What is it?
This is the Mercedes A-class fitted with the least powerful version of the company’s recently revised 2.0-litre turbodiesel unit and a CVT (Constantly Variable Transmission).
The gearbox has five ‘fixed’ ratio positions in its ‘manual’ model, but moves steplessly when left in automatic.
What's it like?
For my money, the A-class is one of the classiest superminis or small family hatches that you can get.
The interior is genuine Mercedes, albeit on a budget, and the fit and finish of our test car was excellent. My only reservation about the standard car is that there is no reach adjustment on the steering wheel.>> See more pictures of the Mercedes A160 CDI The driving position is pretty good anyway, but there's no harm improving it.
Now, how much of an improvement is the CVT gearbox? The unfortunate answer is 'none at all'.
A gentle prod of the accelerator gets you tickling along smoothly in slow-moving town traffic, but that's about as good as it gets.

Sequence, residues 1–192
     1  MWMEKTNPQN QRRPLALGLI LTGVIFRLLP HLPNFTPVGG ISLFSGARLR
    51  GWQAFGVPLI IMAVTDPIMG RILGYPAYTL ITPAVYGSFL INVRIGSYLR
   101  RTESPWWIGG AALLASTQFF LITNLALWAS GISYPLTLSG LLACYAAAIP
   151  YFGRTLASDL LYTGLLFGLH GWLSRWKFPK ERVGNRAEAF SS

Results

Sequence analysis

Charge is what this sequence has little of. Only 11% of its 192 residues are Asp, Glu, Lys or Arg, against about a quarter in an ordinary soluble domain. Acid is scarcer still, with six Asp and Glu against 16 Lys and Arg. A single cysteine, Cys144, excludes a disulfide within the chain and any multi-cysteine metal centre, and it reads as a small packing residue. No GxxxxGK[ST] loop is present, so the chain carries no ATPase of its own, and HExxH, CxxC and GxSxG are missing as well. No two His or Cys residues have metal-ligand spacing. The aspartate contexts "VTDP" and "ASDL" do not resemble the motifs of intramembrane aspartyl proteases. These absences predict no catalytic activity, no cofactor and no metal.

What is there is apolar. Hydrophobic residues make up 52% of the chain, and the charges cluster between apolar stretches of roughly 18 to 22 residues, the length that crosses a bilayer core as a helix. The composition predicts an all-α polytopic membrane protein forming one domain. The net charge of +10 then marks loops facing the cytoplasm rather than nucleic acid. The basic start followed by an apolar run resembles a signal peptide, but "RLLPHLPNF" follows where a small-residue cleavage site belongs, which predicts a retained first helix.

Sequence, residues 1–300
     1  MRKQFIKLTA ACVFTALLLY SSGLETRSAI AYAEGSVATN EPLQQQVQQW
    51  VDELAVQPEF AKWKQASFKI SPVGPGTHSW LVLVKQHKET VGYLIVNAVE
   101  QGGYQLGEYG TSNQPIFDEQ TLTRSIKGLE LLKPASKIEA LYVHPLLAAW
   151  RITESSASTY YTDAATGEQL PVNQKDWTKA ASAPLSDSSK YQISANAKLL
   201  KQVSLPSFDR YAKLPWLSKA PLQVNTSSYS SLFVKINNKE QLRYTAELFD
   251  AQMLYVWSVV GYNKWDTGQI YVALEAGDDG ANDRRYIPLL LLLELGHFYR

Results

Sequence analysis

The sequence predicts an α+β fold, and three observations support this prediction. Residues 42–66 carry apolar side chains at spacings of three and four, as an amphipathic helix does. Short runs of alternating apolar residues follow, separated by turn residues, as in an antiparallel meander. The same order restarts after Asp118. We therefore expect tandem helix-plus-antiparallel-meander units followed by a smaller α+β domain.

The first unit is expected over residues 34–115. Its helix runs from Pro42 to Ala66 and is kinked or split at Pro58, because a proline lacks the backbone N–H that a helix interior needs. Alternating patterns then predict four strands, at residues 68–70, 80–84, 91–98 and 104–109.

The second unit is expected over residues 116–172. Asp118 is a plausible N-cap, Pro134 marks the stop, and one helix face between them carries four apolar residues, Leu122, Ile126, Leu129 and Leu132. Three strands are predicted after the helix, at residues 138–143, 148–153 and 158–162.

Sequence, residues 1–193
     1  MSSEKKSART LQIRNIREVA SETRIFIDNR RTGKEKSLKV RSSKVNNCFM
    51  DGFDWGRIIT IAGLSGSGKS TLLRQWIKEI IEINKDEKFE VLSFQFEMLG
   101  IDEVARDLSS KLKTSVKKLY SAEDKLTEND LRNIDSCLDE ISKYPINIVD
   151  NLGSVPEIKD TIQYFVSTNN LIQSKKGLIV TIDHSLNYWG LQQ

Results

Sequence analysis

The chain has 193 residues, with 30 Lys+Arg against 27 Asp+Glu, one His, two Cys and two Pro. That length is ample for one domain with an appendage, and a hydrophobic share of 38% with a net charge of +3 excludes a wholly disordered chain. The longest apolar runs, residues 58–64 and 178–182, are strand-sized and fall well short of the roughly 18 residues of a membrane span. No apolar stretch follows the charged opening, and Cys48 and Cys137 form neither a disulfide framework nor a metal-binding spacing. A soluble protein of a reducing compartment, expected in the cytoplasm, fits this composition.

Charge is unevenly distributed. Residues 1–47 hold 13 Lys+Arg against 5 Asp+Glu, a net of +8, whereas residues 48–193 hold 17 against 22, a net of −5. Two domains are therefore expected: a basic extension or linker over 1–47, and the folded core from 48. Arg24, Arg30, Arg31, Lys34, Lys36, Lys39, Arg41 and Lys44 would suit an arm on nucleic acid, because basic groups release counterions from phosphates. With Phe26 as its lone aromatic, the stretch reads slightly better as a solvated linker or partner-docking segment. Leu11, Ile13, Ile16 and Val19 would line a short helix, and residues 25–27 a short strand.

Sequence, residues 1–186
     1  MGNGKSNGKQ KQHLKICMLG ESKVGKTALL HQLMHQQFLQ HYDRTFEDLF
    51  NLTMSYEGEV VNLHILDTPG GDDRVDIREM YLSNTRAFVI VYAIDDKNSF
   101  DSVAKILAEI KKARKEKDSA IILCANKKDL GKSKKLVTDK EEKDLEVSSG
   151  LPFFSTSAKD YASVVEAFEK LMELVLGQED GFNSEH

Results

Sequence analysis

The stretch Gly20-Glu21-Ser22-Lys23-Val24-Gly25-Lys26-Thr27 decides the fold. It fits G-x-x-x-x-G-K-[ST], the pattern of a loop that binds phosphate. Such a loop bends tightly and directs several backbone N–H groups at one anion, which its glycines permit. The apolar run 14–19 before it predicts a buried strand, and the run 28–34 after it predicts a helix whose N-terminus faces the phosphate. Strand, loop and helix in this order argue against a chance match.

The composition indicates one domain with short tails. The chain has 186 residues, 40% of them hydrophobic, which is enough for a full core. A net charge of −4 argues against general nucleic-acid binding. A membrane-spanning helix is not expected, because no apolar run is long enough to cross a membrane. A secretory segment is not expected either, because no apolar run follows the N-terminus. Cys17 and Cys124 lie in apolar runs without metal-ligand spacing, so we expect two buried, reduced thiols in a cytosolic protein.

Push the pedal to the floor and the engine revs fairly freely to 4200rpm and stays there. Lots of noise, but little action: it would be misleading to suggest that there’s no acceleration, but it’s not far off the truth.
It's almost impossible to pull onto a free-moving motorway without sending trucks swerving from Lane 1 – and overtaking anything quicker than a tractor on A roads requires nerves of steel.
The reward for this lack of performance, if you inch your way through town, is effortless fuel economy – up to 48mpg if my experience of inner-London traffic is anything to go by.
Should I buy one?
The lack of automatic diesel superminis means that, if you can stand the price, the CVT A-Class has its market pretty much sewn up.
And, in town, it makes a good case for itself, being smooth and relaxing in stop-start traffic. But if you plan to spend time on the open road then steer well clear.